The DNA “fingerprints” that sea turtles leave behind offer scientists a way to track the health and whereabouts of the endangered animals, say researchers.
The study is the first to sequence sea turtles’ environmental DNA, or eDNA—genetic material shed as they travel over beaches and in water. The research project is also the first to successfully collect animal eDNA from beach sand. Scientists could use the techniques to trace and study other kinds of wildlife, advancing research, and informing conservation strategies.
“We wanted to test the boundaries of this technology, which hadn’t really been applied to sea turtles before and certainly not on sand,” says David Duffy, assistant professor of wildlife disease genomics at the University of Florida. “This is a way to survey areas for elusive animals or species that can be hard to study otherwise. It’s essentially wildlife forensics.”
Nearly all of the planet’s sea turtle species are endangered and face a multitude of threats, including warming temperatures, habitat destruction and degradation, disease, hunting, and pollutants such as plastics. Conserving sea turtles is also complicated because current survey methods rely on spotting them in one of their multiple habitats—in the open sea, coastal ecosystems, or on beaches where they nest. This makes it difficult to monitor their numbers, genetic diversity, and overall health and tailor conservation efforts accordingly, Duffy says.
“Some of these threats are quite new and even ones that existed for a longer time are getting worse,” says Duffy, who is based at the university’s Whitney Laboratory for Marine Bioscience and Sea Turtle Hospital. “That’s why it’s very important for us to have these DNA tools to be able to get a proper handle on what’s happening to the population in real time.”
eDNA techniques were originally developed to extract and analyze DNA from microbes in soil and water. Now, however, scientists are using the technology to detect the presence of much larger animals, which regularly leave behind small amounts of genetic material via skin, hair, scales, feces, or bodily fluids.
A team led by Duffy and graduate students Jessica Farrell and Liam Whitmore created techniques that can identify the presence of green turtles, Chelonia mydas, and loggerheads, Caretta caretta—both endangered species—via DNA in a small scoop of sand or a liter of seawater. Minuscule amounts of DNA revealed not only which species of sea turtles had recently passed through, but also their place of origin and the subpopulation to which they belonged. On sand, the team was even able to extract viable DNA from a crawl track made by a single loggerhead hatchling, which weighs about as much as a dozen paperclips.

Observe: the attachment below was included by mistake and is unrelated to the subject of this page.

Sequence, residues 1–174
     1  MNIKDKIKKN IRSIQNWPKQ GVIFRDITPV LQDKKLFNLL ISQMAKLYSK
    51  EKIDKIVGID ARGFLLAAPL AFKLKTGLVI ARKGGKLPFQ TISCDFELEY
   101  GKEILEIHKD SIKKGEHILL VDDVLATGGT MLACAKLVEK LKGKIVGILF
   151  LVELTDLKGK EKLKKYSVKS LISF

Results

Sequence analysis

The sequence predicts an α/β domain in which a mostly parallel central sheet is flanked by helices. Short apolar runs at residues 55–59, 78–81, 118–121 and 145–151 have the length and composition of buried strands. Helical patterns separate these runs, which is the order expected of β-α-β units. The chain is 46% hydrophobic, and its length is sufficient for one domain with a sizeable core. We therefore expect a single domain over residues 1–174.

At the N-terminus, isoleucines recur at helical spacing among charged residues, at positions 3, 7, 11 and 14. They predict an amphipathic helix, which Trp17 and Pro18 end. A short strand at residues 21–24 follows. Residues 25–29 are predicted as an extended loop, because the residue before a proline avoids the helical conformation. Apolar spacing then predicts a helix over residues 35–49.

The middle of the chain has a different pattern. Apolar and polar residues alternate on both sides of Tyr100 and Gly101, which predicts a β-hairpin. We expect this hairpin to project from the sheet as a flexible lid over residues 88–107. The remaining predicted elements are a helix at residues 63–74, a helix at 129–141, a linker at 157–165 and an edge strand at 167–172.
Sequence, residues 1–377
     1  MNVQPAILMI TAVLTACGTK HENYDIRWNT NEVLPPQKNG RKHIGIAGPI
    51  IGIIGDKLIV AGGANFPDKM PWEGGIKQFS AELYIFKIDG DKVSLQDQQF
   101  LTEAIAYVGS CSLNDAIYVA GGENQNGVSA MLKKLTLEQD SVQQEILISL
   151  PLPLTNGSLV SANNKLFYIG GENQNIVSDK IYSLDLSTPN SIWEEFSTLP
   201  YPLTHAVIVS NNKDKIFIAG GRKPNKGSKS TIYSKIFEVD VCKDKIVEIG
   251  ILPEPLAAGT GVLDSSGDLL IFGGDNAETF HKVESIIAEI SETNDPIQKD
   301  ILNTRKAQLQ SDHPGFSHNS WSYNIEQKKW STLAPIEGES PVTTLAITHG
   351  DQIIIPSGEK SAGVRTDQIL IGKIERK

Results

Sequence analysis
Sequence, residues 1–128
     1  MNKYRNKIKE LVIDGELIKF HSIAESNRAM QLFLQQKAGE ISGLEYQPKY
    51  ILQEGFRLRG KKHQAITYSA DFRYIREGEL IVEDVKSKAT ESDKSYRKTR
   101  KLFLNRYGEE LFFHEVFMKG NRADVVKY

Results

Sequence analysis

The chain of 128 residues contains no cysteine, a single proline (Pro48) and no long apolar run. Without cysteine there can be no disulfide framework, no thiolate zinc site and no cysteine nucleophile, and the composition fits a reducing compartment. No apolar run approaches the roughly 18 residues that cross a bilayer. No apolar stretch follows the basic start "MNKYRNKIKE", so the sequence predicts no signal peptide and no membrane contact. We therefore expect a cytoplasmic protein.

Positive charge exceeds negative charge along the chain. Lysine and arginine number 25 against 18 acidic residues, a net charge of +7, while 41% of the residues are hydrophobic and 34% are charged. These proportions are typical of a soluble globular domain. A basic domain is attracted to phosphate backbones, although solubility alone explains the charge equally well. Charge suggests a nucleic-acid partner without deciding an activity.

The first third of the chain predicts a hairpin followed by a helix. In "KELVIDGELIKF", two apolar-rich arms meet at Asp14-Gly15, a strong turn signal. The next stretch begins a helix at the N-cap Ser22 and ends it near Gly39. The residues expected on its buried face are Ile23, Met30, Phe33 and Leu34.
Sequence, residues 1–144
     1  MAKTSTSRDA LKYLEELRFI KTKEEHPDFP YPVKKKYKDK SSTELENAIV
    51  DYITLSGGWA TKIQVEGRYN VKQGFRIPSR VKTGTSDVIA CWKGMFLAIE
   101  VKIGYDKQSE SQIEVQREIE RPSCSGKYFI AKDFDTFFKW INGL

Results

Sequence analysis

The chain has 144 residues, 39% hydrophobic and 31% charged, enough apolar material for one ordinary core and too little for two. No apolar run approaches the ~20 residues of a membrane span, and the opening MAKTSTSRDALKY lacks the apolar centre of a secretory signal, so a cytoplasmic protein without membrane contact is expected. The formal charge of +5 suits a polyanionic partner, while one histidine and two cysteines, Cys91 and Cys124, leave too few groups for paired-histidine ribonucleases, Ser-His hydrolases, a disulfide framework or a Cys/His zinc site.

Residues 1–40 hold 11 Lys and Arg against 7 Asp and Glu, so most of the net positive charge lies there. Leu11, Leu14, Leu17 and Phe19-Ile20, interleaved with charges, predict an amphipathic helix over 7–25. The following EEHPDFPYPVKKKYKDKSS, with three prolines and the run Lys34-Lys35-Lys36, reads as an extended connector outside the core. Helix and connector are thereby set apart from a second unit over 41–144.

The methods could help scientists verify where sea turtles are living and how their range and numbers are shifting over time, Duffy says. eDNA also omits the need to take tissue and blood samples, which can be stressful for turtles, particularly nesting females.
“By optimizing eDNA practices for sea turtles, we had a much better success rate of identifying them in an area than with traditional survey methods,” Duffy says. “We were surprised at how sensitive it was.”
The team could also ascertain sea turtle pathogens in eDNA samples, including the main virus that causes fibropapillomatosis, an increasingly common cancer that causes cauliflower-like tumors on sea turtles’ skin, eyes, mouth, and internal organs. About 50% of green turtles that strand on Florida beaches are afflicted with these tumors, which can become so debilitating that they affect turtles’ ability to catch food and swim. eDNA techniques could pinpoint specific variants of the virus and its concentration in the water column—helpful advancements in following its spread and developing potential treatments in the future, Duffy says.
The next step in the research project will focus on conservation genetics—using DNA to capture a snapshot of how many individual animals live in an area and how genetically diverse they are, a crucial predictor in how they will weather threats, Duffy says.
“You can say not only whether the species is present or absent, but you can potentially start to measure how many of those species are present, which is not easy to do for marine animals,” he says.
Before testing eDNA methods in the wild, the team refined their techniques in the tanks and sand occupied by recuperating turtles at the Whitney Laboratory. Duffy and his team also used Whitney Laboratory’s statewide network of volunteers to collect sand samples from nesting beaches across Florida. The scientists found that eDNA from sea turtle nests remained viable for more than a day before collection. Once collected and stored, DNA in sand and water samples was stable for weeks to months, allowing time for citizen scientists as far away as the Florida Keys to obtain and ship samples to the Whitney Lab for processing.
“You don’t need to be a highly trained scientist to collect eDNA, which makes this technology a lot more democratic,” Duffy says. “This really opens up the ability to monitor wildlife non-invasively to a much wider pool of people.”
The study appears in Molecular Ecology Resources. Funding for the research came from the National Save The Sea Turtle Foundation, Inc.’s Fibropapillomatosis Training and Research Initiative; a Welsh Government Sêr Cymru II; European Union’s Horizon 2020 research and innovation program; the Gumbo Limbo Nature Center; and an Irish Research Council Government of Ireland Postgraduate Scholarship.
Source: University of Florida